The moment when a captive Mr. Incredible hears his super family fall over the radio and he loses his will to live. Our innocent romantic, Wall-E reaches out and finally holds Eve’s sleek blade of a hand. Facing the furnace of their demise, Andy’s favorite toys join hands to ride into the sunset together. Carl, tickets to their grand adventure in hand, watches Ellie struggle up their favorite hill only to fall to her knees. Over the years, Disney/Pixar has always brought the feels. So it’s only fitting that their newest offering is a story all about emotion, Inside Out.
How do our modern day master minstrels of heart strings do with a movie all about our emotional insides? It’s complicated. And by that I mean Inside Out is perfect because it’s as complicated as our emotions tend to be. Our heroine is Riley, a pre-teen rink rat from Minnesota, right on the verge of an emotional awakening. To this point in her life, her emotions have been simple, sorted into five distinct categories. The movie is her journey towards a higher plain of self actualization.
We join Riley shortly before a pivotal event in her life, an event that is hard for her to understand. Her emotions, though, have an even harder time placing this event into their normal categories. This sends Joy, voiced energetically by Amy Poehler, into overdrive trying to make sure Riley has “perfect days” to get her through this life transition. This puts her in direct competition with Sadness for control of Riley. Providing the melancholy melody of Sadness is the outstandingly cast, Phyllis Smith, who most will know from NBC’s The Office.
Naturally, their tug of war over Riley’s behaviors ends with both of them being launched into the deepest parts of Riley’s consciousness needing to fight their way back to her emotional control room. The movie is fun and will more than likely supply teaching clips for Psychology 101 professors across the nation for years to come. I laughed, I cried, I gasped coming face to face with my own full spectrum of emotions as I related to Riley. Most of us will. Most of us have faced times in our lives when we fail to reconcile our feelings.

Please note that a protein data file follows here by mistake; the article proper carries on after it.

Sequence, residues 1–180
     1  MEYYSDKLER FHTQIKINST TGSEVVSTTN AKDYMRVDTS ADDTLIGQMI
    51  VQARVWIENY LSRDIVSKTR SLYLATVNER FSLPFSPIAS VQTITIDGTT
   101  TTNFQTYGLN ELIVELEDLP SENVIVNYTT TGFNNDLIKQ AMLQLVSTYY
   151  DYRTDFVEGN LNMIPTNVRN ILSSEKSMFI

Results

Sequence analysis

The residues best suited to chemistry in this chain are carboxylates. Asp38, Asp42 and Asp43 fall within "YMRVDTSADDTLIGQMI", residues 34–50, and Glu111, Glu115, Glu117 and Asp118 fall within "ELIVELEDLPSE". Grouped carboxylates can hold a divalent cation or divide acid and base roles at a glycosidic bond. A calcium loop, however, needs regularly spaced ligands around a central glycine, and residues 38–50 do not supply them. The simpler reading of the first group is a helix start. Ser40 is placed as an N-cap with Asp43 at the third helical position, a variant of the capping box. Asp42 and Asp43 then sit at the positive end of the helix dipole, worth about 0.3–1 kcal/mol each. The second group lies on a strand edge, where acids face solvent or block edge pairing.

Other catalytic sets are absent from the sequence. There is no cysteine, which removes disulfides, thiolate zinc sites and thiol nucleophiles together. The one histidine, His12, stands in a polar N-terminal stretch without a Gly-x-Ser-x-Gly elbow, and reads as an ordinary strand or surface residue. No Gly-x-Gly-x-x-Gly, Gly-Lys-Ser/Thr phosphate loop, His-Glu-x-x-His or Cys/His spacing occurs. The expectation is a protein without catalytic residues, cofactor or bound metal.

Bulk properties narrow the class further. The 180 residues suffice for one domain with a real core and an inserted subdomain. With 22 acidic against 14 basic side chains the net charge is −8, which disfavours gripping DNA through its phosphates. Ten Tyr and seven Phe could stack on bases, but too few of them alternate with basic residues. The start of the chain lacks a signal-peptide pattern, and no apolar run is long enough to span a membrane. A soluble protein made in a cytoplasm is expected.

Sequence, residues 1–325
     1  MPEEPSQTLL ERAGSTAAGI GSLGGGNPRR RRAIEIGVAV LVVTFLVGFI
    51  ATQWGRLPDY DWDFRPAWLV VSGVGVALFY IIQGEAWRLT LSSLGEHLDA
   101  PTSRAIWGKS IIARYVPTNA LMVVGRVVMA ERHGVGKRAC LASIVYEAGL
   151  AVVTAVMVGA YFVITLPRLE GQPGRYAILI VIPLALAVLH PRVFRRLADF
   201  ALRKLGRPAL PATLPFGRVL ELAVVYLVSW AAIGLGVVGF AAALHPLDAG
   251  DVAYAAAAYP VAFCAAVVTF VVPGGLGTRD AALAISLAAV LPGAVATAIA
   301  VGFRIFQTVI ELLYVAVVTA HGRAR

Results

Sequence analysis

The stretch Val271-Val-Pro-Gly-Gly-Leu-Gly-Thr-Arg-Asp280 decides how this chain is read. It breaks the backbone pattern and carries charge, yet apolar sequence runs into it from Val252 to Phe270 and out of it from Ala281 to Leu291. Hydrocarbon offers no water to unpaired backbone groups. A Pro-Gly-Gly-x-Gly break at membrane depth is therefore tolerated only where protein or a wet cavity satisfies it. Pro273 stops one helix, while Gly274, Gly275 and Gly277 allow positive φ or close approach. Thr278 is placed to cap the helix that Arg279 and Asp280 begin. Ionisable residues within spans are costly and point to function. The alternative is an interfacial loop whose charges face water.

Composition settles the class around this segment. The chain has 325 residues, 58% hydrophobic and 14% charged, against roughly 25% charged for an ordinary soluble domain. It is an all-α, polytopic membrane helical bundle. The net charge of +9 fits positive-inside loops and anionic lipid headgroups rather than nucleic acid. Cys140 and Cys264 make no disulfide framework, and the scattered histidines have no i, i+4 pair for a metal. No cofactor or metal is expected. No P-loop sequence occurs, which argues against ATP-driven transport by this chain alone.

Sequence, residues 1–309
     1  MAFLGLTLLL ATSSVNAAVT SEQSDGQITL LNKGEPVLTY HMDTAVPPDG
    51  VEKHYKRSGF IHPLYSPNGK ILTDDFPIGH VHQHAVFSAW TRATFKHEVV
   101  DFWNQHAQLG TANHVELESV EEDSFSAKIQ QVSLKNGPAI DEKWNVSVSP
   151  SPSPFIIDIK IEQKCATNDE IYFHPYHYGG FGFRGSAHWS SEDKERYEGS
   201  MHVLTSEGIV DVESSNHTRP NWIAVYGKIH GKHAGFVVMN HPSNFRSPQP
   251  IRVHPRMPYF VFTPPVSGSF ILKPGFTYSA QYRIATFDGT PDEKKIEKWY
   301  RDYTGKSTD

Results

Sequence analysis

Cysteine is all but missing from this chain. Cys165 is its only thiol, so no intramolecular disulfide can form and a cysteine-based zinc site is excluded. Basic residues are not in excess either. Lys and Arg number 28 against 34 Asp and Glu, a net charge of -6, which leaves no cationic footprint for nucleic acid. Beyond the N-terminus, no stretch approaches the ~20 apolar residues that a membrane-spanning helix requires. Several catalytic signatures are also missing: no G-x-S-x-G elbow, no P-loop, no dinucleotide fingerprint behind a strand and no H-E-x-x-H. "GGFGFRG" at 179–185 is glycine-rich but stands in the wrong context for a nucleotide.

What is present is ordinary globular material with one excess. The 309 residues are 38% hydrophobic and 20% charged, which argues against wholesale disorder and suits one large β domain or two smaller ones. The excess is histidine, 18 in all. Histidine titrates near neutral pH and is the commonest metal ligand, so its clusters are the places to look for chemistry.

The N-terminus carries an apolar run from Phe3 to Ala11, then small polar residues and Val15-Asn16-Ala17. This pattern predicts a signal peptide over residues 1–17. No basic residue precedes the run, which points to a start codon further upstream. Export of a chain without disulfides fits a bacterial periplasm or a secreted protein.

It is only after reminiscing about our favorite jokes that the conviction of the film really set in. Are we afraid to feel our feelings? Joy is given incentive to take control when Riley’s mom affirms her for being her “happy girl” through this trying time. How can she even let Sadness in a little bit after that? Isn’t that so true to life, particularly the Christian life?
You are the light of the world. If you believe what we believe how can you possibly ever show a single tear to those around you? How are you sharing the best news in the world with those around you if you can’t even hold it together? So we try to push it down and as we do this pieces of our personality, of who we are and what we feel fade away. We are afraid to let our sadness diminish our witness. But God is not afraid nor is he surprised by our emotions.
Throughout the Bible we see God get emotional. He shows us how to express righteous anger, he gives us space to weep. We have a communal shoulder to cry on atop the Body of Christ. When released into community, our emotions can draw others to us. They invite God to draw near to us as well.
But you, O Lord, are a shield about me,
my glory, and the lifter of my head.
I cried aloud to the Lord,
and he answered me from his holy hill. – Psalm 3:3-4
Inside Out is, perhaps, the story of Riley’s first lament, the layered expression that acts as the main character of the majority of the Psalms. Lament is a frantic mixture of grief, anger, sadness, fear, disgust, and every variation of the lot. This is a story not just for own emotional health, helping us think of the times we hid or stifled our emotions in a moment of deep distress, but it can also shed light on how we relate to those around us. In your church, small group, Bible study, ministry, do you provide space for your community to feel?
As we watch the events in Charleston, SC unfold, as churches all over the country fall to their knees to share the lament of Emanuel AME, our hope is that their grief will fade, that our cries will open the door for God’s peace to come, a peace that passes all understanding, a peace born out of steadfast love, a peace that is everlasting.
Everlasting, your light will shine when all else fades
Never ending, your glory goes beyond all fame
And the cry of my heart is to bring you praise
From the inside out
Lord my soul cries out